This smart pill is hard to swallow
Reading the disturbing news in McKnight's about the ingestible digital antipsychotic pill that tracks patient data has me all befuddled. I wish I could swallow a pill that would tell me how to feel about it, and what it means for the future of our society and world.
But here's how the technology apparently works, to the best of my feeble and uninformed understanding: First, you place the pill in the palm of your hand. Next, tip your head back and wash it down like you would any other medication — with a shot of cheap Scotch. Nicely done. Good job.
(Quick aside, the pill itself is an antipsychotic called Abilify MyCite, and were I the patient, I'd be all riled up before I even swallowed it. As a former English major, I can tell you that Abilify is not a real word even though it sounds like one, and that MyCite makes no sense at all. Playing so fast and loose with my native language will just make my agitation worse, and now you'll have to increase the dosage of this crazy medication to make up for its ridiculous name, which is going to make your antipsychotic reduction initiative numbers look bad. So think carefully before embracing this technology in your facility, especially if your census is heavily skewed to liberal arts graduates.)
Anyway, now the fun starts. Using its special imbedded ingestible sensor made of several frightening ingredients that sound poisonous and radioactive, the pill sends data to a wearable patch. Personally, I would choose to stick it to my forehead, just as a signal to people that there's a really smart pill inside me that can hear what they say and is writing it down. Or I would just skip myself entirely, and attach the patch directly to my attorney, for when the inevitable future lawsuit is filed.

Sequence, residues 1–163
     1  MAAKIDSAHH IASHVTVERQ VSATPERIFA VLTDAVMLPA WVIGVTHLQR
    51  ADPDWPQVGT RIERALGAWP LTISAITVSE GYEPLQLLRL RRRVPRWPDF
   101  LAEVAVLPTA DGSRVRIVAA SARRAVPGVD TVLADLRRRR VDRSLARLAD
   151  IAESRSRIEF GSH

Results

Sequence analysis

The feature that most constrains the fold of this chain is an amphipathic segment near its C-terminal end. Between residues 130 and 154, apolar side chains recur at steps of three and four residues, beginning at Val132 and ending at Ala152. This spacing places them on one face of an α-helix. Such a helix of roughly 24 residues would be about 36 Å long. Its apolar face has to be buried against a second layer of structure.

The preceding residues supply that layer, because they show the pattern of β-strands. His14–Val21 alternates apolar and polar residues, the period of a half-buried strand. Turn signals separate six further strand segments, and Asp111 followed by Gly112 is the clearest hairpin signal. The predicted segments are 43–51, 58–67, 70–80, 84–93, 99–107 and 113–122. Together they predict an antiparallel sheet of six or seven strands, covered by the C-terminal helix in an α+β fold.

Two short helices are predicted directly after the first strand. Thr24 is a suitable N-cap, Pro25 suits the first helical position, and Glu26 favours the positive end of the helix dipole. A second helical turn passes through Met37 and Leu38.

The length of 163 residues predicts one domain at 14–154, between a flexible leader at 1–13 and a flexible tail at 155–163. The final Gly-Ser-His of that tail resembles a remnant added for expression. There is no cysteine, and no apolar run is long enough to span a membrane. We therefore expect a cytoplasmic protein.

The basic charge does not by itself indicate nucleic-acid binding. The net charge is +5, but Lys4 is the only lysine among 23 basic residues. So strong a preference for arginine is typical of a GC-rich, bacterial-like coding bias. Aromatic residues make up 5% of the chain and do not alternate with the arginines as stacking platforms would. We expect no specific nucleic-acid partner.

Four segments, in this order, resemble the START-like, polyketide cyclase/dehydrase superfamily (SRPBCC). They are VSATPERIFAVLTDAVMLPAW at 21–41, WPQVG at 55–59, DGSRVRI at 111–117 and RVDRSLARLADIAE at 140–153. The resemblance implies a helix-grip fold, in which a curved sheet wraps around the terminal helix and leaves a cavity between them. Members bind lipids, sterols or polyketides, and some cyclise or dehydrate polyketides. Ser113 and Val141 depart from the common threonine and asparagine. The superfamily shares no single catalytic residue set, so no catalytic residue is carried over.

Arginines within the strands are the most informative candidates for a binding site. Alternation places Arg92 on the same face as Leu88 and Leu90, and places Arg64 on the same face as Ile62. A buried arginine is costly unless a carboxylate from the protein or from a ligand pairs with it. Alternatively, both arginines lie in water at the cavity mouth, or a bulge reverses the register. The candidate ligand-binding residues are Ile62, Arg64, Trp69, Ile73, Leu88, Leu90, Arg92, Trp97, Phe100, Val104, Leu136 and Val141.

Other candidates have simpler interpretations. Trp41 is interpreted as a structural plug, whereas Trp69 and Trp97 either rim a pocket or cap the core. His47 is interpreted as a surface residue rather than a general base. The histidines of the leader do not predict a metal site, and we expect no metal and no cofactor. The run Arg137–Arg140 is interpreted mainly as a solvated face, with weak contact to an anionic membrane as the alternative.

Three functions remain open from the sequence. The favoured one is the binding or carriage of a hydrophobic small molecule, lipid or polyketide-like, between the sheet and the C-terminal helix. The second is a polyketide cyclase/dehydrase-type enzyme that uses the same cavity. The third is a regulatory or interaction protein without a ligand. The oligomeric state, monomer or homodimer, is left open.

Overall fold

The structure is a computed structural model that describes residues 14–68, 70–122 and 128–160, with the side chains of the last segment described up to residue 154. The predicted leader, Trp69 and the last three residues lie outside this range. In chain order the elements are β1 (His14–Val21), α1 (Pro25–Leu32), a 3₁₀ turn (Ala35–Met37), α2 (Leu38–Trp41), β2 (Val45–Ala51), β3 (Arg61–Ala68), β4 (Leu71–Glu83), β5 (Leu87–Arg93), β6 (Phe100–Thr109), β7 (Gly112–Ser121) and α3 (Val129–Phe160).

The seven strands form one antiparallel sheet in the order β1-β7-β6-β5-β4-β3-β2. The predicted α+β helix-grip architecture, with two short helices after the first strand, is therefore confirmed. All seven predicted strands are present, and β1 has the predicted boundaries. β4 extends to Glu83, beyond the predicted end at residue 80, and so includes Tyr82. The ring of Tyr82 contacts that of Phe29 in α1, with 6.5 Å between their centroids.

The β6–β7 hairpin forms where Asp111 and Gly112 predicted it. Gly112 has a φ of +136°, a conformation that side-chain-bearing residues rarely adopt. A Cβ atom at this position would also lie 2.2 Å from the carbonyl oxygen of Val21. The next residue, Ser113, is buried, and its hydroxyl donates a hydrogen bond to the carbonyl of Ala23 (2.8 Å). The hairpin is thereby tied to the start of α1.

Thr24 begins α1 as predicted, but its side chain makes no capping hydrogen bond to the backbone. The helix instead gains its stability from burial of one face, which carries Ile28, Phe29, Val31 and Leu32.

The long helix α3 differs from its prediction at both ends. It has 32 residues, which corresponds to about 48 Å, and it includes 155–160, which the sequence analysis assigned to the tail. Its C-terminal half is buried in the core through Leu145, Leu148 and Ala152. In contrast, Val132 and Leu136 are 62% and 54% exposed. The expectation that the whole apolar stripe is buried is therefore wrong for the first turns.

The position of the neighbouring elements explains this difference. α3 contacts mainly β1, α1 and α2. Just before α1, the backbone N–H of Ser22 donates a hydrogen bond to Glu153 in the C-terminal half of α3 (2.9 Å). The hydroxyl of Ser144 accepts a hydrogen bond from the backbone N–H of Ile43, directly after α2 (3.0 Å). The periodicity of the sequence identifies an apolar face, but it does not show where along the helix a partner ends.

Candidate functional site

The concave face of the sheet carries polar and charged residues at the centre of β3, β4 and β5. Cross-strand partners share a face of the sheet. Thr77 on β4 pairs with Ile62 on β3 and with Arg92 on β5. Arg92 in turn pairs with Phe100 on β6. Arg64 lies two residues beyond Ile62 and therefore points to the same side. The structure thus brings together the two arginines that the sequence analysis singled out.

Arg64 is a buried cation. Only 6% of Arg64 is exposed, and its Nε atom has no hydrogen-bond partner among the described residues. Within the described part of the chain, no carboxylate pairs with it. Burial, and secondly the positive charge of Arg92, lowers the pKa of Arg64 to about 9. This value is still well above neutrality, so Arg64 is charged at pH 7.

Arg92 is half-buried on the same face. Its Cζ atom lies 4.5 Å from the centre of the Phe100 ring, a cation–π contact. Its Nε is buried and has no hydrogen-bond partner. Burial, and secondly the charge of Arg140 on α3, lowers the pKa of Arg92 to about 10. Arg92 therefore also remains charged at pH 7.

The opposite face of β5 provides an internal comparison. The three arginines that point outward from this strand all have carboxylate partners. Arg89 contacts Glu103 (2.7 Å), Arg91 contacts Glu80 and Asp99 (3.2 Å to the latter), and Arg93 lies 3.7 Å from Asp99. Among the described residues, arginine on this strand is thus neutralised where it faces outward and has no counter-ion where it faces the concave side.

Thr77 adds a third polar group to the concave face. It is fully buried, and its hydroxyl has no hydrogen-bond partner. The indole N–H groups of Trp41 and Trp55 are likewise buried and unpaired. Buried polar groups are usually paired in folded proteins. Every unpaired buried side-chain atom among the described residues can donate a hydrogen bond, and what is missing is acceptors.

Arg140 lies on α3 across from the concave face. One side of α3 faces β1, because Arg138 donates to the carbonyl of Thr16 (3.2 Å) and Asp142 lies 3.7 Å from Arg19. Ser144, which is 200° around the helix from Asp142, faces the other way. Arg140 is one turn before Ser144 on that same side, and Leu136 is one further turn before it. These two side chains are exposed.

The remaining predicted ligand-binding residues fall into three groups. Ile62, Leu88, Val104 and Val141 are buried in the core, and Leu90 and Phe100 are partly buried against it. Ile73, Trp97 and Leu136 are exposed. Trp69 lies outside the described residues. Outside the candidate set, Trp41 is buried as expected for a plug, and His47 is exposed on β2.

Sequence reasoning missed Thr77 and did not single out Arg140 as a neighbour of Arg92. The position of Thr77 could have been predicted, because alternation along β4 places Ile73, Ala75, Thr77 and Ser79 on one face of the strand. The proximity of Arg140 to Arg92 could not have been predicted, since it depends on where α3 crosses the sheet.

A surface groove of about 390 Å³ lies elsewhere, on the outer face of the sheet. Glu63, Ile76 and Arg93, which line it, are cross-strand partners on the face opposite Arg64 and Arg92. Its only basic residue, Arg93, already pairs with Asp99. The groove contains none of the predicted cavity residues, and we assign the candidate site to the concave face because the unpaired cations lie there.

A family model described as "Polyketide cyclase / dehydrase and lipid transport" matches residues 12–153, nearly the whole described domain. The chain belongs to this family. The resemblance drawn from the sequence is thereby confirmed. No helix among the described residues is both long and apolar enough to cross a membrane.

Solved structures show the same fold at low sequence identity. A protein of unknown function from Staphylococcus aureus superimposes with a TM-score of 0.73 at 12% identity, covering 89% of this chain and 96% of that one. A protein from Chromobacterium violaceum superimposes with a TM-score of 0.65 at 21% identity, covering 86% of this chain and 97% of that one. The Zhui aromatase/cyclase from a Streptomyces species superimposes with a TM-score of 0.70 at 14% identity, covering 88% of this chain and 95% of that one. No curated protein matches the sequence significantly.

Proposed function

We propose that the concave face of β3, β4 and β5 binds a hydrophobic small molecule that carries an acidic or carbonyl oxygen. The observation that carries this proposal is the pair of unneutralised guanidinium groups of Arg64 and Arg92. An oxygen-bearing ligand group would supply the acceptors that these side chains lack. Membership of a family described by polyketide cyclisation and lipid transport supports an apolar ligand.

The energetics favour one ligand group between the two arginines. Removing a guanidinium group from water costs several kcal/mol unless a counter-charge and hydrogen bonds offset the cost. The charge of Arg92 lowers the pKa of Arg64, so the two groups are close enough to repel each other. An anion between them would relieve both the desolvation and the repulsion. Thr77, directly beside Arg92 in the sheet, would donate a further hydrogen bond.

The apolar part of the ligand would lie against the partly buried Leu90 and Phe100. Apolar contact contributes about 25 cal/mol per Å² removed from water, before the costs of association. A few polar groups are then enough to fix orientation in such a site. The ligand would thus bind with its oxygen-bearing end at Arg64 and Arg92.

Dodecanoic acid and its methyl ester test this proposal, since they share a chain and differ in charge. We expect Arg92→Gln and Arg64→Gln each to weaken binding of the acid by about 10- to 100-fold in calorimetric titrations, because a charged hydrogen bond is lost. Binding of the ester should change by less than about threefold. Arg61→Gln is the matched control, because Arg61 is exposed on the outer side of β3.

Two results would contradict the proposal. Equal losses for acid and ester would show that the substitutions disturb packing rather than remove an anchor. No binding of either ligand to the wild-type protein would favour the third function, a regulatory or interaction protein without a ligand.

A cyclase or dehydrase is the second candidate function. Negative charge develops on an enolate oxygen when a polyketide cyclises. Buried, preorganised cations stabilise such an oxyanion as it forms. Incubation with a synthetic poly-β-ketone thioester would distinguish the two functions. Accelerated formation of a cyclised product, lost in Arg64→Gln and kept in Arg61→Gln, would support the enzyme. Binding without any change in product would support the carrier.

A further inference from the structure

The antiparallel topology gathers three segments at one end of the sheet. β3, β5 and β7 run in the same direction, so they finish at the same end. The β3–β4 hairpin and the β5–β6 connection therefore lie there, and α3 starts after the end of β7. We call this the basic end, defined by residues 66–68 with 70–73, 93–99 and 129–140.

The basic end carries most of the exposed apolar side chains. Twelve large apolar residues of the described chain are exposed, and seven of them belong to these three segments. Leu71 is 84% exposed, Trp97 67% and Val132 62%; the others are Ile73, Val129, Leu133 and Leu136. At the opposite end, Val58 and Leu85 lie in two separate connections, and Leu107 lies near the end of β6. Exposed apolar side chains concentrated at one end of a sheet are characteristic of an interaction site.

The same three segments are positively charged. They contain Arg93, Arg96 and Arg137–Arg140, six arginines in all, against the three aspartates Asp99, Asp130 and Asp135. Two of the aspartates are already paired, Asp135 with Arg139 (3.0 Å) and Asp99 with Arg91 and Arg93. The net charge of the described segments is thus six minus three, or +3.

The invaluable information gleaned by the smarty-pants pill will then be transmitted from the patch to a smart phone mobile app, from which you can send it to your doctor, caregiver, priest or therapist. “Hi, I am Joe's pill,” the report will read. “I am currently inside him, moving slowly north/southeast at a rate of one meter per hour. Click here for Google street images, or to order a Frappuccino. I'm sure there's a Starbucks around here somewhere. Oh look, there's George Orwell's house!”
I don't really know what this digital pill is supposed to do, beyond telling someone you took it, so I really don't know whether it's an idea that will catch on. Now, if there was a pill that could let women know where in the world Matt Lauer's hands are, whether Al Franken is near you while you sleep, or whether Roy Moore is approaching the mall, that might be an even better use of science and technology.
Things I Think is written by Gary Tetz, a national Silver Medalist and regional Gold Medal winner in the Association of Business Press Editors (ASBPE) awards program. He has amused, informed and sometimes befuddled long-term care readers worldwide since his debut with the former SNALF.com at the end of a previous century. He is a multimedia consultant for Consonus Healthcare Services in Portland, OR.